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Volkswagen Amarok 'Raptor' off the table as 2022 Ford Ranger Raptor remains 'in-house', Ford Performance exclusive

We'll know much more about the Ford T6.2 Ranger-based VW Amarok closer to the latter's global launch later this year.

Volkswagen will not have access to the beefed-up bodywork, V6 petrol powertrain and other modifications that collectively turn the Ford T6.2 Ranger into the 2022 Raptor flagship for its coming next-generation Amarok due out in Australia sometime early next year.

Speaking to the Australian media near Renmark in South Australia late last month, Ford Motor Company vehicle program director for Icons and Ford Performance, Ali Jammoul, said that there are no plans for the German brand to offer an Amarok version of the new Raptor as we know it.

“We want to protect (Raptor),” he commented. “I am happy that this is Ford’s decision.”

The sentiment is echoed by other Ford and Ford Performance executives, it seems, with one engineer claiming that Volkswagen had approached the company on more than one occasion to develop an Amarok version of the Raptor.

It has also been revealed that the contract between Ford and Volkswagen centres squarely on providing the regular T6.2 Ranger technologies and not the Ford Performance modifications.

As we reported earlier this year, Volkswagen may still pursue a high-performance Amarok via its connection with independent automotive engineering outfit Walkinshaw, as per the recent W Series models of the current Amarok.

This would give the German-branded truck a strong point of difference compared to the donor model.

While Volkswagen’s contract with Ford appears to exclude the 292kW/583Nm 3.0-litre twin-turbo V6 petrol engine and other Raptor changes, it does include Ford’s 3.0-litre V6 turbo-diesel (with power and torque outputs of 184kW and 600Nm respectively in the Ranger’s case, helping it achieve the maximum 3500kg towing capacity on some models), 10-speed torque-converter automatic transmission and permanent four-wheel drive system, as well as the advanced safety and driver-assist systems – all of which are new to the P703 Ranger and its U704 Everest SUV sibling.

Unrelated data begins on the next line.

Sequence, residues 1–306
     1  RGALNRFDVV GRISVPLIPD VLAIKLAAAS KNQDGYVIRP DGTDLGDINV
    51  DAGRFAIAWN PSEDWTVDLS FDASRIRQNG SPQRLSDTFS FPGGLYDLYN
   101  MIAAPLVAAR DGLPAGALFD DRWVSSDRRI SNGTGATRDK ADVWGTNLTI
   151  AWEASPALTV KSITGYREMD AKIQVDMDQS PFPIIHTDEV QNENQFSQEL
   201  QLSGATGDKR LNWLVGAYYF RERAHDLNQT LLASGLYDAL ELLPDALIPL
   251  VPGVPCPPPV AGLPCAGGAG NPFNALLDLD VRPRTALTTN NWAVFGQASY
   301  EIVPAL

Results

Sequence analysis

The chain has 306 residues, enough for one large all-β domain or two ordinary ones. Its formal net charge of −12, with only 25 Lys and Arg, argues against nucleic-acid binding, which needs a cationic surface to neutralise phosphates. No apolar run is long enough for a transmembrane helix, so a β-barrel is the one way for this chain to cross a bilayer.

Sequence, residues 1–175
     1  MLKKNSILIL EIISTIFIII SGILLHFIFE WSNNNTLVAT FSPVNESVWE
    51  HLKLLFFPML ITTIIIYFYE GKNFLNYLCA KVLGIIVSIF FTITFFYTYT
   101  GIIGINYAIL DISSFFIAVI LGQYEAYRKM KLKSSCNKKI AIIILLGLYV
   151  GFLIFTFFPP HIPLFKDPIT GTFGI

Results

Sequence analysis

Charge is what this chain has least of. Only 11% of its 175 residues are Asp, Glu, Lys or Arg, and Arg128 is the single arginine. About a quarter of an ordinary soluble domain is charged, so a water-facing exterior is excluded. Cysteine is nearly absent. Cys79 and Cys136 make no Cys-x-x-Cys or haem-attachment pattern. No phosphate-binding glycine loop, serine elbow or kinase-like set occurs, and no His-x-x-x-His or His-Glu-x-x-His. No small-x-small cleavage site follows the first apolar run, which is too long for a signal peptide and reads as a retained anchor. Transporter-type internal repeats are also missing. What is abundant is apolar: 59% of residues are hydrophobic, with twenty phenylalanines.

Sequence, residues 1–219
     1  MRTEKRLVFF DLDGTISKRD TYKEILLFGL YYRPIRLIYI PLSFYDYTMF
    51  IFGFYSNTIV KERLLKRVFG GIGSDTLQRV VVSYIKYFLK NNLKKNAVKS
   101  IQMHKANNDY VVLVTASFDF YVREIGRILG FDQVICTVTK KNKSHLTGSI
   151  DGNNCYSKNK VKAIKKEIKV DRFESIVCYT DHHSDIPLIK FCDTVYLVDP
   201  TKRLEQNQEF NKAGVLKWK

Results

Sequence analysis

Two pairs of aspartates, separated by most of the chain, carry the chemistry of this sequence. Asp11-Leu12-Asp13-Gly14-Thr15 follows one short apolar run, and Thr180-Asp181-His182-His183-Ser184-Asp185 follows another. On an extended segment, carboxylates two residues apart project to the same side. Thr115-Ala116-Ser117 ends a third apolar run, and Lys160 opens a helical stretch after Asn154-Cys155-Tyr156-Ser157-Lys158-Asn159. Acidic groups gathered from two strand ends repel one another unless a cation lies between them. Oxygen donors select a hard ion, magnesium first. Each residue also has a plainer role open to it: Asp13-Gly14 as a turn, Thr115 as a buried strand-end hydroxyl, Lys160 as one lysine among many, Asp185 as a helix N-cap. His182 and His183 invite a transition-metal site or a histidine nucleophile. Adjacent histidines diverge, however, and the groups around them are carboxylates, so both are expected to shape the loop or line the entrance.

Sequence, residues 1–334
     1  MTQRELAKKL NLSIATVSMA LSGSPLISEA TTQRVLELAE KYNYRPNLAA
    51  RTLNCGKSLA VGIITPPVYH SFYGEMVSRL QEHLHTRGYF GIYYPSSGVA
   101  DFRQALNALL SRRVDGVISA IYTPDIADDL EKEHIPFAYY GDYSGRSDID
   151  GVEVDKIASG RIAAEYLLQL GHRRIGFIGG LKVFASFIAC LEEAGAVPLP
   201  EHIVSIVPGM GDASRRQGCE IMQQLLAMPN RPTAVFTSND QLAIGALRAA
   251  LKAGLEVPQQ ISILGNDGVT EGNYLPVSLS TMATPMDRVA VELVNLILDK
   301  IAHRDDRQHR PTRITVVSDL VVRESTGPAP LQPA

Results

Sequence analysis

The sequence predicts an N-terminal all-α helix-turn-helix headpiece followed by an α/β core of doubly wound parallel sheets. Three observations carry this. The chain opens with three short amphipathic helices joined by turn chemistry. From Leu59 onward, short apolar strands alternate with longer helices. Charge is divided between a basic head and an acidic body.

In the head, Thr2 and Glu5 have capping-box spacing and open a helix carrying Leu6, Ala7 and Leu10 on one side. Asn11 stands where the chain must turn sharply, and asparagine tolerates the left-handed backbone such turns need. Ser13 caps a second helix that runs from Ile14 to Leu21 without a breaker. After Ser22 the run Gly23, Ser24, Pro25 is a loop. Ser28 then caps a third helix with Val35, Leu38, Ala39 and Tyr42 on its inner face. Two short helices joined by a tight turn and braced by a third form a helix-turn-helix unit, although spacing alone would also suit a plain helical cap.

It’s worth noting that the outgoing Amarok, developed solely by Volkswagen and sourced from Argentina or Germany according to market and/or specification since 2010, has included or adopted (VW-supplied) V6 diesel power, permanent 4WD and some safety/driver-assist systems over the course of its run, while these were unavailable in the outgoing (P375) Ranger as sold in Australia.

Keep in mind, too, that the new Amarok may be a fraternal twin to the P703 Ranger under the skin, but it will have distinctive front-end styling and – we understand – an altered interior to reflect its Volkswagen branding.

We also understand that the VW will be built solely at Ford’s recently refurbished South African facility, while our Rangers will continue to arrive (largely) from Thailand for Australian consumption.

Finally, it is expected that the – along with the aforementioned diesel V6 of undisclosed power and torque outputs – the 2023 Amarok is also likely to use Ford’s 2.0-litre four-cylinder diesel engines. In the T6.2 Ranger, the twin-turbo BiTurbo pumps out 154kW/500Nm while the base single-turbo unit produces 125kW/405Nm.

We’ll know much more about the T6.2-based Amarok closer to its global unveiling later on this year, so please stick around.